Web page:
In the late 1990s, the Adverse Childhood Experiences (ACE) Study revealed a powerful relationship between childhood trauma and later adult emotional difficulties and physical health problems (previously reported here by Joshua Kendall). Two decades after the ACE Study was published, it has finally become politically correct for U.S. politicians to acknowledge its significance, and for Congress to respond with legislation (previously reported here by Leah Harris). However, U.S. history tells us that even when politicians finally acknowledge an ignored truth, given their allegiance to the U.S. societal status quo, their reactions routinely neglect the most embarrassing implications of that truth.
ACE findings produced two areas of unexpected results for its researchers Vincent Felitti and Robert Anda. The first area was the prevalence of adverse childhood experiences in a relatively well-off population in the United States. The second area was the strength of the relationship between adverse childhood experiences with adult emotional problems and physical health issues—while unsurprising for many ACE victims, this has been groundbreaking for medical authorities.
With respect to prevalence, more than a quarter of subjects grew up in a household with an alcoholic or a drug user; 23% had experienced severe physical abuse; and 28% of women had been sexually abused as children (16% of men). More than half of the subjects reported at least one adverse childhood experience of abuse, neglect, or other household traumatizing exposure; and one-quarter reported two or more such adverse childhood experiences.
It is important to keep in mind that the ACE Study examined middle-to-upper-middle-class subjects (74% had attended college, and all had higher-end medical insurance), and we know from other research that abuse and neglect is far higher for children from financially impoverished households (see the National Incidence Study of Abuse and Neglect).
Marginalizing and Ignoring U.S. Childhood Trauma
The finding that abuse and neglect are so common in well-off U.S. households—where, for example, 28% of girls are sexually abused—is so unpleasant that some defenders of the U.S. societal status quo have attempted to marginalize the ACE study by arguing that it is unreliable because it relies on the memory and credibility of respondents. The reality, Felitti and Anda have responded, is that underreporting of trauma is more likely than overreporting. Common sense tells us that Felitti and Anda are correct as, for example, a woman would be reluctant to discuss her childhood sexual abuse, and that underreporting is far more likely than overreporting.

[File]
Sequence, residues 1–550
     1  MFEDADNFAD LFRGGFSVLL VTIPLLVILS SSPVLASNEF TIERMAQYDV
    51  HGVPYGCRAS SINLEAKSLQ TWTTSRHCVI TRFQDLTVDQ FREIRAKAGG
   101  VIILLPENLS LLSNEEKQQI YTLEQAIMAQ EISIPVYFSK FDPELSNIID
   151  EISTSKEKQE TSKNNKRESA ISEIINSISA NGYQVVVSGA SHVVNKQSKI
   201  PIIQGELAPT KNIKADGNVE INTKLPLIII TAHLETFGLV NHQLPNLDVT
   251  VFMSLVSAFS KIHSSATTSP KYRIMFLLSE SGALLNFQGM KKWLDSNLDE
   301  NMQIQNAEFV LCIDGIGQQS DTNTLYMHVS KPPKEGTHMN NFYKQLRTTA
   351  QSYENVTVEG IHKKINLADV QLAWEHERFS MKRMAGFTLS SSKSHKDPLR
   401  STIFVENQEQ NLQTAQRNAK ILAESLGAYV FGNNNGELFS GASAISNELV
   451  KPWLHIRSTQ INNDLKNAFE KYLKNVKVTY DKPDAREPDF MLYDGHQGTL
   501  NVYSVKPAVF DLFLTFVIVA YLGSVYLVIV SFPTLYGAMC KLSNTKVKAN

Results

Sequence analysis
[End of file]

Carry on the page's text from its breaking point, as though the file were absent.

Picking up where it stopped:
While ACE findings of the prevalence of household dysfunction in well-off American households is embarrassing for apologists of the U.S. societal status quo, even more taboo—and uncounted in the ACE Study—are adverse childhood experiences outside the household. Such adverse experiences outside the household and uncounted in the ACE Study include childhood trauma created by U.S. societal authorities and institutions with regard to: (1) schooling; (2) psychiatric treatment; and (3) state coercions.
In their schooling, my experience is that what has driven adolescents to feel stressed, hopeless, and suicidal even more often than peer bullying are school authorities’ coercions and threats of dire consequences for academic noncompliance and failure.
Oppressive psychiatric treatment (e.g., the use of drugs to control bothersome behaviors instead of receiving caring for the emotional pain fueling such behaviors) is also a major adverse childhood experience, as Mad in America readers are well aware of.
The adverse childhood experience that dominated my adolescence was the U.S. state terrorism of the Vietnam War and the draft, which filled me with a chronic fear that I was going to get maimed or killed in Vietnam unless I became a fugitive. Today, many adolescents are overwhelmed with anxiety owing to a range of societally generated terrors—e.g., they are all pressured to go to college but well aware that a college degree may result only in a low-paying job, crippling student-loan debt, and failure to avoid becoming one of life’s “losers.”
For a sane society, the most obvious implication of the ACE Study would be prioritizing the prevention of preventable adverse childhood experiences. A sane society would be asking questions about the very nature of a society and culture that creates so much trauma for children.
However, we do not live in a sane society. We live in a society that prioritizes profits for large corporations and power for large institutions. We live in a society in which, for example, the cause of depression and suicide has been, for decades, falsely attributed by psychiatry and Big Pharma to a chemical imbalance theory long known to be untrue—an untruth that has made billions of dollars for drug companies and increased power for psychiatry through increased use of antidepressants which are known to actually increase suicide. This is just one of many examples that we do not live in a sane society.